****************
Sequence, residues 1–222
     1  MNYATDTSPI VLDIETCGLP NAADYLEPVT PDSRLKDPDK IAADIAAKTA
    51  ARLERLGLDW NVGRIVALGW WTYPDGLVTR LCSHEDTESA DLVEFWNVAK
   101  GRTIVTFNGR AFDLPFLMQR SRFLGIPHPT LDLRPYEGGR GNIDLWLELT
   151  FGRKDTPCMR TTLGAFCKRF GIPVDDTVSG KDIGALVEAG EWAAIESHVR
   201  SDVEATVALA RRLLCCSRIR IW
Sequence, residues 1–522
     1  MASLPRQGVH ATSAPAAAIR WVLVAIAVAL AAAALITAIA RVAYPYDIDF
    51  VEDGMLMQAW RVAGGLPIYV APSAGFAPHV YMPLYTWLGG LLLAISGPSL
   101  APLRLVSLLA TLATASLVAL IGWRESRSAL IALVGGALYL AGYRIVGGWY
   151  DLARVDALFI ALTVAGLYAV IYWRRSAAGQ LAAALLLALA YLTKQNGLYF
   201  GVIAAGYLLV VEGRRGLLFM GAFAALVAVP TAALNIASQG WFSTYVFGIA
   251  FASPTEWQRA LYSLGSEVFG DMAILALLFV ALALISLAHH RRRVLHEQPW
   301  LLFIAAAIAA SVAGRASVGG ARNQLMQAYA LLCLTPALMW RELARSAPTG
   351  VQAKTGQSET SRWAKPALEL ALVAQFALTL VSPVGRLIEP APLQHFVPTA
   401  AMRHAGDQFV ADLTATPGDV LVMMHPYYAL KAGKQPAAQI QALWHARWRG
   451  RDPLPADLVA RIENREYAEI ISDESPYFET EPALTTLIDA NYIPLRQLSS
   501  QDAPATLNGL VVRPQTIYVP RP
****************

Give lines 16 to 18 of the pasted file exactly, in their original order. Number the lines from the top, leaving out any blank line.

   401  AMRHAGDQFV ADLTATPGDV LVMMHPYYAL KAGKQPAAQI QALWHARWRG
   451  RDPLPADLVA RIENREYAEI ISDESPYFET EPALTTLIDA NYIPLRQLSS
   501  QDAPATLNGL VVRPQTIYVP RP